Brendan O'Neill, editor of Spiked: "The recommendations of the Leveson Inquiry include the Press Recognition Panel’s use of extreme financial pressure to make all press outlets sign up to a new press regulator, and the suggestion that even third parties — that is, people not directly affected by an offensive press article — could be allowed to complain about it. The idea, now too widely accepted, is that the press must be tamed and the easily offended empowered. The opposite is the case. We should ignore, or challenge, professional offence-takers, and give the press greater freedom and independence and power over itself and its output."
The Sun in a leader: "Section 40 of the Crime and Courts Act would be the instant death of investigative journalism. Newspapers could no longer afford to expose scandals in the public interest and provably true. The only safety would be under a new industry regulator, Impress — a dubious outfit bankrolled by Max Mosley, a tycoon with a vendetta against the Press."
Jeremy Clarkson in The Sun: "Newspapers, and the people who produce them and write them and own them, are a constant thorn in my side, an unending headache, and I sometimes lay awake at night wondering what the editor of the Daily Mail would look like without a head. So you’d expect me to be whooping for joy at the news that over the Christmas break, while you’re making merry with the party poppers and the crackers, various shadowy Government people are drawing up plans to bring the nation’s newspapers to heel. But I’m not. I’m horrified to the point of panicky breathlessness. And you should be too."
Nottingham Post editor Mike Sassi, quoted by Press Gazette: "Like all local newspapers, The Nottingham Post receives dozens of complaints every year. The vast majority are dealt with amicably, often by us explaining to complainants how and why something has been reported. A small number are resolved with a swift clarification and, if necessary, an apology. However, if Section 40 were to become law, complainants would have a huge financial incentive to pursue us, knowing that even if they lose we have to pay their costs. The number of complaints would inevitably increase."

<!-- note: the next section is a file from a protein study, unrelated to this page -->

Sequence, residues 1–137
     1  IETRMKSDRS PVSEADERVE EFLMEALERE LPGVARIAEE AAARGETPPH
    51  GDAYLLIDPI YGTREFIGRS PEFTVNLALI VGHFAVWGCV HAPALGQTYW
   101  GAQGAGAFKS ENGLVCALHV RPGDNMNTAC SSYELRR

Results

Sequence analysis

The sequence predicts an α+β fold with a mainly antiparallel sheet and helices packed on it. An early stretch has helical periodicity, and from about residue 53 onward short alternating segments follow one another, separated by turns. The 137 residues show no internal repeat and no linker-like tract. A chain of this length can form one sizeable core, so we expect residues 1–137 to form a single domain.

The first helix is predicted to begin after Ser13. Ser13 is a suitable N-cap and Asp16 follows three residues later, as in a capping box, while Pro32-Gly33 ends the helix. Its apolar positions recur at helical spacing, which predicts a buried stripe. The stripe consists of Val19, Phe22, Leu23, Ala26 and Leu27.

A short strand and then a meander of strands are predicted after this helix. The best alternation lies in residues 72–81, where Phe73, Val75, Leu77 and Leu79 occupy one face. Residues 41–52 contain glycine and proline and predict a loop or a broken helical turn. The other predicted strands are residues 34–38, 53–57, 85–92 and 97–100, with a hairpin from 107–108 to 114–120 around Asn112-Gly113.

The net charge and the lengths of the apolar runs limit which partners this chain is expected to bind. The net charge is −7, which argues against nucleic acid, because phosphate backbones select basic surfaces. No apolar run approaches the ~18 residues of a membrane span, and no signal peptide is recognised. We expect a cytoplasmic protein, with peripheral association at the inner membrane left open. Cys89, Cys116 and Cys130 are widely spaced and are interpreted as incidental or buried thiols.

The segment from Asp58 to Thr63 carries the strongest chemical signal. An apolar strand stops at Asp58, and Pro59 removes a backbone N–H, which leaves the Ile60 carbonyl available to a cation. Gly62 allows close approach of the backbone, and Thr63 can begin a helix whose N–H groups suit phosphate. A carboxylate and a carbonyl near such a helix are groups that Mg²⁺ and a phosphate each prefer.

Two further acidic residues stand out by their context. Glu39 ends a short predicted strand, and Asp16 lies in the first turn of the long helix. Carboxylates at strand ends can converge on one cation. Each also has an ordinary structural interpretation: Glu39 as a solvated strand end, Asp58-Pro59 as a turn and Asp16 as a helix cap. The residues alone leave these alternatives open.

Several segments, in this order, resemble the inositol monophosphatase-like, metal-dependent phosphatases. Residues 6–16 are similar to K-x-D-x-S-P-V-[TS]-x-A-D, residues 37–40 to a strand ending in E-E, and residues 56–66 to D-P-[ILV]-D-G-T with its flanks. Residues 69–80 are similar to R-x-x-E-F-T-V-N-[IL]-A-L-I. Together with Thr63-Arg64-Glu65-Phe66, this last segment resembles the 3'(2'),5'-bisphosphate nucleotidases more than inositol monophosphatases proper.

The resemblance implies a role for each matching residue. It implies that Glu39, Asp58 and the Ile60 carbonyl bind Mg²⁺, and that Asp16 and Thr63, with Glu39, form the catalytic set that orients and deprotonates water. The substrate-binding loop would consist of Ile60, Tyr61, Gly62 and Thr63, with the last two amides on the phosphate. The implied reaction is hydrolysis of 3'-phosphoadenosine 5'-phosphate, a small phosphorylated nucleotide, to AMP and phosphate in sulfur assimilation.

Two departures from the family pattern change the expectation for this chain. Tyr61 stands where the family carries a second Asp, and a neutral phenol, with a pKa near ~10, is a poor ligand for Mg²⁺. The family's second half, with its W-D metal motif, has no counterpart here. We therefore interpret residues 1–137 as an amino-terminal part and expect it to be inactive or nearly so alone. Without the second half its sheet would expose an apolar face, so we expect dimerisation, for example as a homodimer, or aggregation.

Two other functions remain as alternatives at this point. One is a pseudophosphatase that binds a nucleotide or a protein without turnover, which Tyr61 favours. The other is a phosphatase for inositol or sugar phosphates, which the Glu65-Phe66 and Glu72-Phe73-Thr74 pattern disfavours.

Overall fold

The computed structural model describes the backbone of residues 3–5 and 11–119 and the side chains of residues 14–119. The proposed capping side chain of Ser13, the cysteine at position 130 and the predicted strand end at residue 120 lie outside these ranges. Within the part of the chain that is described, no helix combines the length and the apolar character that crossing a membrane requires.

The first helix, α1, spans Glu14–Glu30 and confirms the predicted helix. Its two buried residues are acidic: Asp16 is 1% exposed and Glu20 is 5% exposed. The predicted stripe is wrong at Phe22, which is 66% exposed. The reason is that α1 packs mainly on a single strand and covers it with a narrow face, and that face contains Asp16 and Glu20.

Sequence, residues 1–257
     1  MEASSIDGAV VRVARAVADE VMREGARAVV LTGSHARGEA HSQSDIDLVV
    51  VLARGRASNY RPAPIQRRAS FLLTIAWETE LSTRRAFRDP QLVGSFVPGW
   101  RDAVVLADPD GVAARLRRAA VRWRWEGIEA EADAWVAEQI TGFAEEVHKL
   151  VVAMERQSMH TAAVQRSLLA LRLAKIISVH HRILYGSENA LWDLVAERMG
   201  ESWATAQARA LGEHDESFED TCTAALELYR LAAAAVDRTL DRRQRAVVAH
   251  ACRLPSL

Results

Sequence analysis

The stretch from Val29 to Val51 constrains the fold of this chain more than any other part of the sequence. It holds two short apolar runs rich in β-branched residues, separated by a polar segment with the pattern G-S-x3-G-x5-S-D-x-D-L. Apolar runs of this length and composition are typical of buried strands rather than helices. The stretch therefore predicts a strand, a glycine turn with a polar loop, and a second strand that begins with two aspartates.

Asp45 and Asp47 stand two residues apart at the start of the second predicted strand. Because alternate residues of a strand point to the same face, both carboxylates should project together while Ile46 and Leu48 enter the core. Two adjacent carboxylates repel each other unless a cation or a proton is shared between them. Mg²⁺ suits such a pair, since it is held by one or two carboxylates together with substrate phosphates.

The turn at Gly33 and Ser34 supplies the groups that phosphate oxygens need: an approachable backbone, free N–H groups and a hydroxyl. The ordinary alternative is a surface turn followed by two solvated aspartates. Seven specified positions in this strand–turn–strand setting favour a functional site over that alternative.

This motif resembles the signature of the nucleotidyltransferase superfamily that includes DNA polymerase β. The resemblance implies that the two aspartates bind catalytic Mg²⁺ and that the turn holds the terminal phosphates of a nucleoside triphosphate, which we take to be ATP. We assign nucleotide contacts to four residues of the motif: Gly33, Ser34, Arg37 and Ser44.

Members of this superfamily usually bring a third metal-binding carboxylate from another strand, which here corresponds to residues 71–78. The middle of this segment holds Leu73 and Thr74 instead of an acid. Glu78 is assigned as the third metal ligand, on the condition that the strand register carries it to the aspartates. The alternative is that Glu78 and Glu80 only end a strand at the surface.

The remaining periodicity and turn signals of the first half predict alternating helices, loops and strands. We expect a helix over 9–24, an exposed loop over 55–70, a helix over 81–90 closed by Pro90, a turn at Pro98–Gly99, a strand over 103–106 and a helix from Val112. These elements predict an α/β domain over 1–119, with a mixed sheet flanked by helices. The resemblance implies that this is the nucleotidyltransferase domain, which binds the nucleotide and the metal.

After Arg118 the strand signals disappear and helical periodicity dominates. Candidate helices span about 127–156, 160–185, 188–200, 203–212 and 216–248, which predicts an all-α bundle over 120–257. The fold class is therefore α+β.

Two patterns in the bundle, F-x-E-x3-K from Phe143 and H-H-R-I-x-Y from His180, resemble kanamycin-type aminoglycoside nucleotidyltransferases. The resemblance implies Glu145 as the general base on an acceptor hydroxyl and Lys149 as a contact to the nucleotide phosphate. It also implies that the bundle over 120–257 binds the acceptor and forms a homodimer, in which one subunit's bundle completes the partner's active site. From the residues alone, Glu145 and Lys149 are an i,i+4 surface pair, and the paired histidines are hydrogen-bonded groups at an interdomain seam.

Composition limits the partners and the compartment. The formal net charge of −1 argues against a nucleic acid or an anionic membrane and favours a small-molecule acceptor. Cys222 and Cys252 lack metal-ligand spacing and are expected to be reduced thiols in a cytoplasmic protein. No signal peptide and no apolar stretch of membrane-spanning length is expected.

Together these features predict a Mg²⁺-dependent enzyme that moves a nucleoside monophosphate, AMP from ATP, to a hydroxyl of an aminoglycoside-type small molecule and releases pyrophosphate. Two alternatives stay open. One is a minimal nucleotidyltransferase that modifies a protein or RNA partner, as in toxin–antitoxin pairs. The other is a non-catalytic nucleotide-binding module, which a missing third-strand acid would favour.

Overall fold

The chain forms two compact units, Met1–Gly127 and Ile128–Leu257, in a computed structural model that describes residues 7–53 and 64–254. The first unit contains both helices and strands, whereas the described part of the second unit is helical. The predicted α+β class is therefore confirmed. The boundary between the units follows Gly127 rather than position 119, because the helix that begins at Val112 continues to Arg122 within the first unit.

David Higgerson on his blog: "IMPRESS, in my opinion, has demeaned and belittled journalism in its quest to force others to make life so difficult for the Press that they have no choice but to sign up. In doing so, it has alienated the vast majority of journalist for whom facts are everything, and getting something wrong is something they try to avoid at all costs."
MediaGuido on press regulator Impress: "MediaGuido has found that four senior Impress employees have endorsed loopy comparisons between the Daily Mail and the Nazis. Impress CEO Jonathan Heawood has shared multiple social media posts calling the Mail “fascists”, “a neo-fascist rag”, and a claim that it is “increasingly adopting fascist style politics”. Another post shared by Heawood compares the Mail to a newspaper from Nazi Germany... How can a press regulator reasonably regulate an industry if it wants to ban newspapers? How can they come to fair and balanced judgments if its CEO believes they are “neo-fascists”? Impress is the press regulator that hates the press, it is a farce that the government is giving these people the time of day…"
Stephen Glover in the Daily Mail: "It seems to me utterly incredible that a group of individuals who don’t bother to disguise their hatred for some newspapers should be the leading lights of a State-approved body which is supposed to regulate the free Press — and that the same organisation should be funded by a man like Mosley. Are we dreaming? Can this really be happening? If politicians really do want State control of the Press, you’d think they might come up with a few respectable members of the great‑and-the-good rather than this immature and undistinguished shower who garrulously tweet their illiberal prejudices."
- My Media Quotes of the Year are on InPublishing here